In such circumstances, performance of a wireless communication networks can potentially be improved by changing the radiofrequency range (e.g., the wireless communications channel) in which networked member devices of a wireless communication network transmit and receive data through the wireless communication network. However, radiofrequency interference and traffic congestion within and between wireless communication networks are highly dynamic. As such, at any particular moment, one channel may provide better performance than another channel only to have the relationship reversed in the next moment.

Accordingly, the described technology provides a dynamic selection and switching of the wireless communications channel employed by devices within a wireless communication network, thereby increasing the probability of better wireless communication performance over time. Congestion on the new wireless communications channel is again monitored, and, if the new wireless communications channel eventually satisfies its dynamic selection condition, the devices switch to a new wireless communications channel and begin monitoring for congestions again on the new channel.

In one perspective, the dynamic selection and switching biases a networked device (e.g., a wireless communication network access point and associated devices on the wireless network) to quickly switch out of a poor quality (e.g., congested) wireless communications channel (e.g., where the ineffective-time accumulates quickly). Rather than attempting to identify the best new channel for switching, the networked device is triggered to switch out of the poor quality channel independent of the quality of the new wireless communications channel to which it will switch. As such, after the poor quality of the channel is detected, the networked device switches to a new channel before determining whether the new channel is any better than the previous wireless communications channel. Dynamic selection and switching will repeat on the new channel and networked devices will spend longer durations in high quality wireless communications channels and shorter durations in poor quality wireless communications channels.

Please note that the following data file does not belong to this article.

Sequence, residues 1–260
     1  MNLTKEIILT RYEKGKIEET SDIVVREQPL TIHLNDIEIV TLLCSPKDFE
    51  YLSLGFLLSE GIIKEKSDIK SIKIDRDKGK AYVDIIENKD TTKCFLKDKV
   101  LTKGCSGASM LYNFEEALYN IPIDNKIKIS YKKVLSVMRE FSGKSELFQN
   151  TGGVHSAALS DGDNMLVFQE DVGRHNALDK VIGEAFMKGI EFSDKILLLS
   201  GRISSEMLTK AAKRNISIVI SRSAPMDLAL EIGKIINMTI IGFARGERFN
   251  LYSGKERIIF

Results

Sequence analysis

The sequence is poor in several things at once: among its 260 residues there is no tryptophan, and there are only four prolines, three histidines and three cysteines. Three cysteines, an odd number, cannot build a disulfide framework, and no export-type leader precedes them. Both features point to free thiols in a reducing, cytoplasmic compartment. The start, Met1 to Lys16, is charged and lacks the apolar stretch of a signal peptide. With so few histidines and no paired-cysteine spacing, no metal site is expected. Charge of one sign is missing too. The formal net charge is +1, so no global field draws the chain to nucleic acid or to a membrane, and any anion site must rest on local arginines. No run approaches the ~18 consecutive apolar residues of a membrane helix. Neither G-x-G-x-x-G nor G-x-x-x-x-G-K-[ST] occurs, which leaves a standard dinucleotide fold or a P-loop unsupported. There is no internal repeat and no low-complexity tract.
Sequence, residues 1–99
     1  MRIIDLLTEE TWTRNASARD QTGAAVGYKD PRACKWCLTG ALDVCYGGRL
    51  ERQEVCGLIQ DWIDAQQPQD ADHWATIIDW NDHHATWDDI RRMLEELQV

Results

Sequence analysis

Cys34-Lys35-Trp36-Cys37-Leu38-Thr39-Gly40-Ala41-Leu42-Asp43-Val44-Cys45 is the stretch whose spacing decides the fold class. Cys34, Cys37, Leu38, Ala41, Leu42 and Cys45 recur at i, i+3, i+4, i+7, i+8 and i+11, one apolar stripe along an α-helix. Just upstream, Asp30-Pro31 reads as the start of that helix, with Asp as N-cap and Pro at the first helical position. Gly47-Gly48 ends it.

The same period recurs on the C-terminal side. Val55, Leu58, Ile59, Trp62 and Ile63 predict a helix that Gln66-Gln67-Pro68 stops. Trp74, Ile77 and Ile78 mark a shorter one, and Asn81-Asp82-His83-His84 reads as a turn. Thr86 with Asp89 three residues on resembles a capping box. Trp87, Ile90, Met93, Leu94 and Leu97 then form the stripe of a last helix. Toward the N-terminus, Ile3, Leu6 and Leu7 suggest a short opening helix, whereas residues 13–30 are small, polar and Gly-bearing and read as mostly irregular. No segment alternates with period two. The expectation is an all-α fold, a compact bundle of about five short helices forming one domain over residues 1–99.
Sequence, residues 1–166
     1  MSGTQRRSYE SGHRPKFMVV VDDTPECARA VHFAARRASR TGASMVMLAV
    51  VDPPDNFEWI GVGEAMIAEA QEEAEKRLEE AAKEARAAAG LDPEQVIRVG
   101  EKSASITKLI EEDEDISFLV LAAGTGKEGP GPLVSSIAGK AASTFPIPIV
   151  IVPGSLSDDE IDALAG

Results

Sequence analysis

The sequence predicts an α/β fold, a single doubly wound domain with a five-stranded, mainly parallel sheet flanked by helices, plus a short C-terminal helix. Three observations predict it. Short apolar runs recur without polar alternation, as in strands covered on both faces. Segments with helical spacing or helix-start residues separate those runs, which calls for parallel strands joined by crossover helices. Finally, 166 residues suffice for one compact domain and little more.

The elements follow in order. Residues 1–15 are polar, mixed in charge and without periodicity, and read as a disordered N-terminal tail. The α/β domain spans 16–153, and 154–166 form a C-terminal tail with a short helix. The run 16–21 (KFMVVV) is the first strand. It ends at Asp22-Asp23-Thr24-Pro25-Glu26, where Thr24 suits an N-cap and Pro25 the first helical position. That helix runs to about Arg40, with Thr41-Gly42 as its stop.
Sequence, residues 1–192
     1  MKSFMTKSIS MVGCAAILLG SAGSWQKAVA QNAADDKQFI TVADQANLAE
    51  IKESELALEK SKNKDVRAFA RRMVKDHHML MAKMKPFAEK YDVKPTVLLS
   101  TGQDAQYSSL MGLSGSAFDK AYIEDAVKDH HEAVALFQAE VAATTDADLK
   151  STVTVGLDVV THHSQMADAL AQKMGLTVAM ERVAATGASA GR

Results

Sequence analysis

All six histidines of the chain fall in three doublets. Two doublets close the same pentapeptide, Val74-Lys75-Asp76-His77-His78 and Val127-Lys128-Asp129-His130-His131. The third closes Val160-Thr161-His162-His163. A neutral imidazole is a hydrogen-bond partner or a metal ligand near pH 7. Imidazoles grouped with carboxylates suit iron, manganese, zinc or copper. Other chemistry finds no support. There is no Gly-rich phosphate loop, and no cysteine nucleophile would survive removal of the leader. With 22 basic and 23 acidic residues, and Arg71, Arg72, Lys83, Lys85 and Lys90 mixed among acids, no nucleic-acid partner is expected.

Further, the quality of a wireless communications channel is highly dynamic. Accordingly, dynamic selection and switching allows the networked device to detect temporal changes to poor quality conditions on a channel and to switch out of the poor quality conditions on the channel quickly, without the overhead of attempting to identify a better channel (which could become poor quality by the time the device switches to the new channel).

FIG. 2 illustrates an example wireless communication network access point device 200 operating on channel 1 of a wireless communication network. A radiofrequency spectrum 202 illustrates 14 channels in an 802.11 (a, b, g, n) wireless communication network operating at approximately 2.4 GHz. Other wireless communications protocols may also be managed with the dynamic selection mechanism of the described technology, including 802.11ac operating at approximately 5 GHz.